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2011 MDX with poor gas mileage

 
Old 03-25-2019, 01:25 PM
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2011 MDX with poor gas mileage

Hi all - I have a 2011 MDX which has always gotten anywhere from 18-20 mpg. The past few months, however, that has been decreasing and I'm to the point that I'm only getting about 12-14 mpg. I've had it into the dealership twice. The first time (about 6 months ago) my oil light was also coming on. They replaced the O2 sensor and said that should help with the mileage. It did not. I had it back today and everything checks out mechanically. While I have only used premium (91 or 93) gasoline, they suggested that I switch to a "top tier" provider. I'm not sure why - the places I have gone for gas (usually Costco or wawa) have not changed at all in the 8 years I've had the car.

Anyone had this issue? I've searched the forum and it seems like they have ruled out the "usual" suspects (sensors, spark plugs, fuel injector, filters, fuel line, etc).

Thanks!
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Old 03-25-2019, 06:21 PM
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If regular stuff has been check then check the not so regular stuff: Tires, Brakes, Oils, etc..
-Old Tires can Increase their rolling resistance with time.
-Caliper pins can get stuck and increase friction in the brake pads.
-SH-AWD oil and Transfer fluid can be old enough to cause extra drivetrain loss..
-Check engine compression, etc. etc. etc.
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Old 03-26-2019, 01:09 PM
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Originally Posted by Skirmich View Post
-Old Tires can Increase their rolling resistance with time.
Isn't it the other way round?
Old tires become hard and lose grip resulting in lower rolling resistance.
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Old 03-26-2019, 05:16 PM
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As the tire ages it also loses OD so the metal weave in the tire gets closer and closer to the ground which allows it to heat up as it rolls.. When the tire is not moving sure its super hard but as it rolls it becomes too hot so the tire becomes extra soft.
The lost traction is due to lower thread pattern.
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Old 03-28-2019, 10:46 AM
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Hmm I have observed a drop in mileage after getting new tires in both my 2008 Accord V6 and the MDX.

Again this is on east coast where summer is short
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Old 03-28-2019, 10:56 AM
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Originally Posted by technocrat View Post
Hmm I have observed a drop in mileage after getting new tires in both my 2008 Accord V6 and the MDX.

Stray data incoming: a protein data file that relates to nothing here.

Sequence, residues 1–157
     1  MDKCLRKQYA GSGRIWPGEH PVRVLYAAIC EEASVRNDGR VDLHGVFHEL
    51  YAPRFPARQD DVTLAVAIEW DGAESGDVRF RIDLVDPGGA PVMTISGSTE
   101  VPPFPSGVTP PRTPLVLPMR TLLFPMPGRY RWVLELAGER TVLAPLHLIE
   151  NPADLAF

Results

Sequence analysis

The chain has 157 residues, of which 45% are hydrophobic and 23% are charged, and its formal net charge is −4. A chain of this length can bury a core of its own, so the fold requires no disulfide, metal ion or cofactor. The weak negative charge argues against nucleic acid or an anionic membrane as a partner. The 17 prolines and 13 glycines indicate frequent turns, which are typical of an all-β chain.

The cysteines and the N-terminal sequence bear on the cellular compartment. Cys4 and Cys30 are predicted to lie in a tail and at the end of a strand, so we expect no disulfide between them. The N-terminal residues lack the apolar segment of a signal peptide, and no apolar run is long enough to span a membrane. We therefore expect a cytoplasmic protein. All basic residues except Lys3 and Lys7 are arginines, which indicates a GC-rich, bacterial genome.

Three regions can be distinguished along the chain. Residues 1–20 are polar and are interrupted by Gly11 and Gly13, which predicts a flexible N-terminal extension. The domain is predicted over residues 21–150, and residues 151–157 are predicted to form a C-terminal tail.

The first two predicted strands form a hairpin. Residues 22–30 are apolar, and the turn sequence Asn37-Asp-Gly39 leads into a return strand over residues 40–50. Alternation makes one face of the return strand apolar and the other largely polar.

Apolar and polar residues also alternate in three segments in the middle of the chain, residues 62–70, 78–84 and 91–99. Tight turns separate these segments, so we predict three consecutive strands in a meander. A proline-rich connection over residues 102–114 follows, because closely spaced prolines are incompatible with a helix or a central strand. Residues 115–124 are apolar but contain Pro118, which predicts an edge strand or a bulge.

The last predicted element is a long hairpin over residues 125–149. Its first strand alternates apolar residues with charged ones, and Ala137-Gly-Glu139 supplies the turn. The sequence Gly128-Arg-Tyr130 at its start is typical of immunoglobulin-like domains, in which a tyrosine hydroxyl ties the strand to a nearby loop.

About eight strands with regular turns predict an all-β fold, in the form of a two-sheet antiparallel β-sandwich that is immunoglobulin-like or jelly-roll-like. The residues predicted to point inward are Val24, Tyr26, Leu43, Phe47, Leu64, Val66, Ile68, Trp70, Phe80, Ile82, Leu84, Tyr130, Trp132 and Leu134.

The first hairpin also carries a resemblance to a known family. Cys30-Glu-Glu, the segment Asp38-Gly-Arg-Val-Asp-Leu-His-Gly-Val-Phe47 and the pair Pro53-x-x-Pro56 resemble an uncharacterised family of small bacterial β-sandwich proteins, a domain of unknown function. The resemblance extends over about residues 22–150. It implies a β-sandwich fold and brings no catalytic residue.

Again this is on east coast where summer is short
Agreed, I've always experienced fuel economy improve as tires age.
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Old 03-29-2019, 04:44 PM
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Monitor your oil level closely.

If oil is getting past the piston's oil control-ring, it will end up in the exhaust.
It will be detected before the (dirty) exhaust gets to the catalytic converter, by the upstream O2 sensor.
The CPU will increase the fuel to each injector to compensate (for the "rich" burn).
Sending more fuel to each injector results in about 20% lower MPG.

Eventually, the upstream O2 sensor will need to be replaced and if you continue to burn oil, your catalytic converter will need to be replaced.
Back in the 50s and 60s, when engines started burning oil you could just continue to pollute the environment and nobody cared, but now you'll fail an emissions test.

Last edited by Carpayment4life; 03-29-2019 at 04:57 PM.
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Old 03-29-2019, 05:15 PM
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I also have 2011 MDX with only 23,500 miles on it and I get 14-16 MPG on premium 93 octane gas from Kwik Fill-United Oil gas. It used to get about 18-21 MPG when it was new (2,000 miles)and before the dealer re-programmed the six speed auto-Trans per an Acura recall for lubrication issues with those transmissions.

The gas mileage is awful and I've discussed it with Acura service, but there doesn't seem to be a fix. I like the MDX very much and will probably hang on to it for awhile.
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Old 04-21-2019, 05:36 PM
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Costco gas is rated Top Tier.

Also as tires wear, their diameter gets slightly smaller. With each revolution you're covering less distance compared to a brand new set. But the ecu reads the wheel speed at the hub so it only counts axle revolutions, and cannot factor in for tire wear (or different size tires). It does not know the exact miles traveled (because that depends on the tire diameter), so it's always slightly off. With smaller tires it's going to think you traveled more miles than you actually did. That's why MPG increases after tires are 50% worn compared to new ones.
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